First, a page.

The rest of the program can be called easy going, casual and with a good dose of New Zealand humor. The "Pioneer Race" can be called an ‘Omaka classic’. It features aircraft from the early days of aviation and unicycles cavorting on the grass runway as Blériots and other replicas from the aviation’s early era try to get of the ground as quickly as possible. Later on, a crew member of a classic Beech 18 threw packets containing ‘white powder’ out of its aircraft while American muscle cars from the 1960s cruise in front of the audience on the ground. A helicopter, with additional 'Policia' stickers attached and thus mimicking a Colombian law enforcement aircraft, and policemen on the ground quickly put an end to this kind of drug trafficking.
This type of action and entertainment is an integral part of the Omaka airshow. "Only at Omaka" is not-for-nothing one of the advertising slogans for the show, and is very well representative for the spectacle that brings up new highlights every other year.
Further colourspots in the deep blue Omaka sky were numerous aerobatic displays ranging from large formations of Nanchang CJ-6, T-6 Texans / Harvards or a Pitts S1S.
Challenging times - and a lucky Friday
In 2017, the Omaka airshow also saw some challenges. The devastating Kaikoura earthquake and subsequent road closures in the vicinity resulted in meager numbers of visitors. Additionally bad weather on the actual airshow weekend caused a huge drop in visitor numbers and related revenues.
For this year's 10th anniversary of the "Omaka Classic Fighters", the organizer could not afford something like this again. And fortunately this year such things did not happen. With a great Friday afternoon and evening show and a stunning Saturday, all worries were washed away. Washed away, however, was also once again the Sunday show, again due to bad weather. The clouds on Saturday evening were already a sign for the 'wash-out' the next day...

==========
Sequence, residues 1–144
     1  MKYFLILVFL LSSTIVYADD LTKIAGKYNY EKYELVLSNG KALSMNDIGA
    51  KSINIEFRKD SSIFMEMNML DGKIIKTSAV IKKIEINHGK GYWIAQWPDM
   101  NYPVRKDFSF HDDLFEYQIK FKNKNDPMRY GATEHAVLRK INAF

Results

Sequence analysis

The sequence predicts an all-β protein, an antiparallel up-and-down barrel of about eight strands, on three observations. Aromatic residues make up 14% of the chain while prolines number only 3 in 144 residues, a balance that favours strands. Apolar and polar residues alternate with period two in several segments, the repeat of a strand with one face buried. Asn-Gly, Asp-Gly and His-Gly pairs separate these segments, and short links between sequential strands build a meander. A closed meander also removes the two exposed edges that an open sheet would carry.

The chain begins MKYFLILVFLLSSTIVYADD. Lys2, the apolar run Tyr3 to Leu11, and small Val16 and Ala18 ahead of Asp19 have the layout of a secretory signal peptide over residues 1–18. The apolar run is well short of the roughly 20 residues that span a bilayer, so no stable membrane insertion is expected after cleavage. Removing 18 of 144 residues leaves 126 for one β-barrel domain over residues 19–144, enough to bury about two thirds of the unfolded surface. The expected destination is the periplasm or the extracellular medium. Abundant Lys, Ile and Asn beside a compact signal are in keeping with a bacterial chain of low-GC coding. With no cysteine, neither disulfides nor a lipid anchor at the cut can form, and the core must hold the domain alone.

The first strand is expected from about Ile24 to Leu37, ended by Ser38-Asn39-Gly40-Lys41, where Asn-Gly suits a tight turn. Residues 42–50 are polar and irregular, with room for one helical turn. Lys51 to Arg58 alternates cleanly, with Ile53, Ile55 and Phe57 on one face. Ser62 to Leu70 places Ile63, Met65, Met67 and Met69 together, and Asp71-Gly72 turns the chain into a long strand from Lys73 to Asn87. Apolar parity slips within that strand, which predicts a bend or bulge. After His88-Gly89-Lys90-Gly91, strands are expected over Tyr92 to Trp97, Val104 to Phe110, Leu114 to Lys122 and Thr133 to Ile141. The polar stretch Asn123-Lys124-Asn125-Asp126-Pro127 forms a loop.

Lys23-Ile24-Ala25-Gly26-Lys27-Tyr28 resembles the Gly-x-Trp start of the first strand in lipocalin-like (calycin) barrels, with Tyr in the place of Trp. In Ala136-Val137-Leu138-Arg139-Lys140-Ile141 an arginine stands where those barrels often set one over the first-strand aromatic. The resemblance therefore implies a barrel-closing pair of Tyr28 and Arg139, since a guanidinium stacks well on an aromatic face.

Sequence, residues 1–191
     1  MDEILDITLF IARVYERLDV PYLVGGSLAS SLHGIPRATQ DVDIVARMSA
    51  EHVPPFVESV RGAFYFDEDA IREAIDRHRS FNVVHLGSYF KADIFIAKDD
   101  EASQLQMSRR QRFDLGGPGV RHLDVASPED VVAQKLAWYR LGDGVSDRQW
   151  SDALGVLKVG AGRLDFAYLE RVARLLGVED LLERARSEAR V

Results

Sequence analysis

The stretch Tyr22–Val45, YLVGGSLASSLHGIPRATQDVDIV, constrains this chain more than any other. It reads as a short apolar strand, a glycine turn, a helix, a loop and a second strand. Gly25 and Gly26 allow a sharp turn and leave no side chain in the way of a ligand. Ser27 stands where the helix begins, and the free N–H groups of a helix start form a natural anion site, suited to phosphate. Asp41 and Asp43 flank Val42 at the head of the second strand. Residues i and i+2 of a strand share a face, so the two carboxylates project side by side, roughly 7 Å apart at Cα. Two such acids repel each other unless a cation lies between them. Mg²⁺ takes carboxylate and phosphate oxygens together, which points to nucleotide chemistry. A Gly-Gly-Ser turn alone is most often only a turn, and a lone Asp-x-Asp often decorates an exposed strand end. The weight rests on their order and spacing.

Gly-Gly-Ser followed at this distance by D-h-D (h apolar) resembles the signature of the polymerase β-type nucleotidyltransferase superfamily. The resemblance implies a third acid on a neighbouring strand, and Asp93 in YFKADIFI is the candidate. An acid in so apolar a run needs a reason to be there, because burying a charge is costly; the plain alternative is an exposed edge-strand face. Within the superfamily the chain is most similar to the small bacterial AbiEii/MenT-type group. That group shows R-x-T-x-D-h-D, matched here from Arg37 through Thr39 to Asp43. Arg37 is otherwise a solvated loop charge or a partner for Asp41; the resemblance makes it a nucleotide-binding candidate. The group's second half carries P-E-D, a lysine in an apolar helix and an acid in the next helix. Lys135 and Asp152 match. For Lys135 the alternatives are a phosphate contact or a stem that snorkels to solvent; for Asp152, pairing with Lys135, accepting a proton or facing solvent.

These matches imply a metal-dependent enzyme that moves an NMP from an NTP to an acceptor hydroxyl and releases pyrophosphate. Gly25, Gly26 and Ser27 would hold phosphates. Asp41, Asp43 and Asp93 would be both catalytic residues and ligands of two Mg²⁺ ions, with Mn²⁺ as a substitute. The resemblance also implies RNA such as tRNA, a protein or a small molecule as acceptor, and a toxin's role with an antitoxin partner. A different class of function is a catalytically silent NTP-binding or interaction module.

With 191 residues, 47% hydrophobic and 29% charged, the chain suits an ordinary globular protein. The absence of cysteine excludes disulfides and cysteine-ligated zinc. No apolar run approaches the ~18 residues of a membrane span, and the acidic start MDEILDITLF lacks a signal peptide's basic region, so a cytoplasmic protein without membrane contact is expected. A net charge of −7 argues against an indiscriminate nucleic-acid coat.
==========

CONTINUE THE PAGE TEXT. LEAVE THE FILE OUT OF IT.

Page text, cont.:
In this context, attending the Friday show proved to be a wise decision again, even if it only starts late in the afternoon. A deep-blue sky and pleasant temperatures rang in the day and a good-sized, though not crowded number of visitors gathered around the airfield. All of them obviously with a very different temperature perception: winter jackets were well mixed with T-shirts, the only constant seemed to be the leather hat of the male visitors, serving as a sun protection and a 'must have' accessory.
Friday was a relaxed day, with less flying than on the weekend itself, but it gave a good glimpse of the highlights for the coming days. Towards the evening, when the sun was low over the horizon, the planes were bathed in warm light before an impressive fireworks display after sunset concluded the day. By then at the latest, everyone had at least put on their thick jackets as temperatures were already on the single-digit range. Winter is not far away, at Easter in New Zealand.